As small business owners we’re great at many things, but strategy is usually not our strong suit.
Early on in my marketing career, I was struggling with a strategic issue and my supervisor told me I needed to “think more deeply.” That didn’t help one bit.
In the small business world, we tend to operate in a “ready, fire, aim” way. And that’s ok, that’s what gets stuff done. That’s where a lot of innovation comes from. That’s why small businesses can be nimble and solve real-life problems faster than big businesses and that’s what moves our economy forward.
But, the transition from small business to sustainable company requires strategy.
As I’ve worked with many different small business owners, I’ve developed a few processes to make this “deep thinking” process a bit more tangible and more importantly, more doable.
First, An Analogy
Let’s say we were going to build a 10 story building. We first need an architect to draft the blueprint. Then we have a project plan. Prep the ground. Bring in utilities. Lay the foundation. Put up a frame and then plumbing and electricity. Lastly, we finish with sheetrock, paint, etc. That’s the rough idea (clearly, I’m not a builder).
But, what would happen if we tried to install the electricity before the frame was up?
We’d end up with a tangled pile of wires. That’s also what happens when entrepreneurs fly at 100 mph “getting stuff done.” It works. But only to a point.
So, how do we replicate that logical process in our business? How do we get from point A to point B?
That’s a little to vague for most people. So, a slight alteration of the question does the trick:
- How do we turn a site visitor into a newsletter subscriber?
- How do we turn a newsletter subscriber into a happy customer?
- How do we turn a happy customer into a raving fan that refers us?
- How do we get happy customers to buy more?
How to Think Strategically
Its all about moving a person from where they’re at to where they need to be. Particularly in the marketing world, this has a lot to do with what’s going on in your customers mind and emotions. What emotions does my prospect need to feel in order to justify purchasing my product? Once you’ve identified the pre-purchase state, you can work backwards to create it.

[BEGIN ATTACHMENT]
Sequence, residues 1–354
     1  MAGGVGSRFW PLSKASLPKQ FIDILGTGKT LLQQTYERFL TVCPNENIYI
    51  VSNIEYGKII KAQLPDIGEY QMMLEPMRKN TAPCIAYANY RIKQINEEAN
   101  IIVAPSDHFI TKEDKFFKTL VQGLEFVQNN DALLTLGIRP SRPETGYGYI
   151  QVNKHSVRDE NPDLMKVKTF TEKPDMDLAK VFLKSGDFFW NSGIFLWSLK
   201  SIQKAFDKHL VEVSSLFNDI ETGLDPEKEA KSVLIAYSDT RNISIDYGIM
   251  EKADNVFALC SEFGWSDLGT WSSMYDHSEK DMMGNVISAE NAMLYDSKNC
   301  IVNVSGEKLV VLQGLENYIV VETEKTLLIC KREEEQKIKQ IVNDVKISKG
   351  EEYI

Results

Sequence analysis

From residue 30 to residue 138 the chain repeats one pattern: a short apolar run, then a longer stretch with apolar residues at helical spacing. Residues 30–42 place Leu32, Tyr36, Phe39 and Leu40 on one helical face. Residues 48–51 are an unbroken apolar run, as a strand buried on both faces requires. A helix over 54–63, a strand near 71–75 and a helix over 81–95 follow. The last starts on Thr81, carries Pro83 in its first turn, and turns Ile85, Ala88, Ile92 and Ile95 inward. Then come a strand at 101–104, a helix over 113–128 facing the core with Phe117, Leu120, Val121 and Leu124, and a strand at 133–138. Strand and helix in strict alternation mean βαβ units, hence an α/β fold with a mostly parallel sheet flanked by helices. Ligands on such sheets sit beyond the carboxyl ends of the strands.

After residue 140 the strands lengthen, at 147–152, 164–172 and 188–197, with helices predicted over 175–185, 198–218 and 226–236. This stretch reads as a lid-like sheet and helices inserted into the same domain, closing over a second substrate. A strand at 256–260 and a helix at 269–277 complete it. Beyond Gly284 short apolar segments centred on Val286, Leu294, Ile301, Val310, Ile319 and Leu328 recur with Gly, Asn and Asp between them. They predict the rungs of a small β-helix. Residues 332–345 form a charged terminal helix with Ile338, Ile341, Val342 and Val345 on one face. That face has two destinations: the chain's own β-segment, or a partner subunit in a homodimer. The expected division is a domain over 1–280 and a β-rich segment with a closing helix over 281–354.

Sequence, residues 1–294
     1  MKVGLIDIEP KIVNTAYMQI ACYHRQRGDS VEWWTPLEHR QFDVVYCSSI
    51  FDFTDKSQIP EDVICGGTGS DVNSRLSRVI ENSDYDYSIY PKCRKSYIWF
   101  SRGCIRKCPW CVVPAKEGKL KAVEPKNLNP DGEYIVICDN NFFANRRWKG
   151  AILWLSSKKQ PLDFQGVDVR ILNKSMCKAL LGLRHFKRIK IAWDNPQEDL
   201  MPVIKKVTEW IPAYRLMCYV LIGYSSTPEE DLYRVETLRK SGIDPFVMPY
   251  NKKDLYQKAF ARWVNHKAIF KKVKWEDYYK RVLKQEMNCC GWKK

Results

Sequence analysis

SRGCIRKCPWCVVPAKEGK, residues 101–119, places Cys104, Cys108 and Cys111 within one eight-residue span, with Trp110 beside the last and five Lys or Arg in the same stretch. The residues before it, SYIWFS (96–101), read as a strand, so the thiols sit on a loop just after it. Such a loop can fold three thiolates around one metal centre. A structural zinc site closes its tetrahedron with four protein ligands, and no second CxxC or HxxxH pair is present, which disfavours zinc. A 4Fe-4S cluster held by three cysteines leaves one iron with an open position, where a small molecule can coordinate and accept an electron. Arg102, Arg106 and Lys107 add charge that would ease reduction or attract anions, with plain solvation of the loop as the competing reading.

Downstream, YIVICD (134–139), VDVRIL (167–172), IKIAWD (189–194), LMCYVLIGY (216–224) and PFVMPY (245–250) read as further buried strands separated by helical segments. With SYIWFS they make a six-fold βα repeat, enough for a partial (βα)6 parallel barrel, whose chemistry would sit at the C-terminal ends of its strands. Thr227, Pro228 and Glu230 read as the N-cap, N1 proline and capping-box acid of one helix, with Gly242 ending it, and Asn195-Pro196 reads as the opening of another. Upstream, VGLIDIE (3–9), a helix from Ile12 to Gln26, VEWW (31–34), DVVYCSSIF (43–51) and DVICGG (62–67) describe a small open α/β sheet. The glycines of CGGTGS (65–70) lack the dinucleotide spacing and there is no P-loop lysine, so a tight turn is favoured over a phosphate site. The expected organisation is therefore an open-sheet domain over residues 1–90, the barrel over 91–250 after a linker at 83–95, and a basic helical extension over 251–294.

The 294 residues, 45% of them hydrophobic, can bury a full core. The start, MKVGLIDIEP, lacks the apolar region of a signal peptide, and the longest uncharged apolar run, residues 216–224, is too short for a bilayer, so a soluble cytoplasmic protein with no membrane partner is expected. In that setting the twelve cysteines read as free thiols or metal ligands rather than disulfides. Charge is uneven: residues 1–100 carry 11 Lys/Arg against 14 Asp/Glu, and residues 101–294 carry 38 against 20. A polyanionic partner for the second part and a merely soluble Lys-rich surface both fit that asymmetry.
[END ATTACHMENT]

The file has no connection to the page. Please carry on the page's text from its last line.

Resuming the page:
Let’s look at an example. Suppose we sell hiking boots. Here’s how we attack it.
How do we get an average person to purchase hiking boots? In order words, what is the mental state of someone who makes a purchase of hiking boots?
- First: They must have a need (we need to get them to plan a hike or a camping trip).
- Second: They must agree that their existing solutions are not adequate for their upcoming trip.
- Third: They must be able to justify the cost of new boots.
- Fourth: They must agree that our boots are better than the competition.
Ok, now that we’ve outlined the purchasing state, we must put a plan in place to create that state:
Depending on your business, you may use different media to do this. Some may use one video that walks prospects down this path. Others may use an email series. Others may use a webinar or hangout. That’s another strategic question for you. In order to get prospects from point A to point B, which medium will most easily get them there?
In this example we’ll use an email series: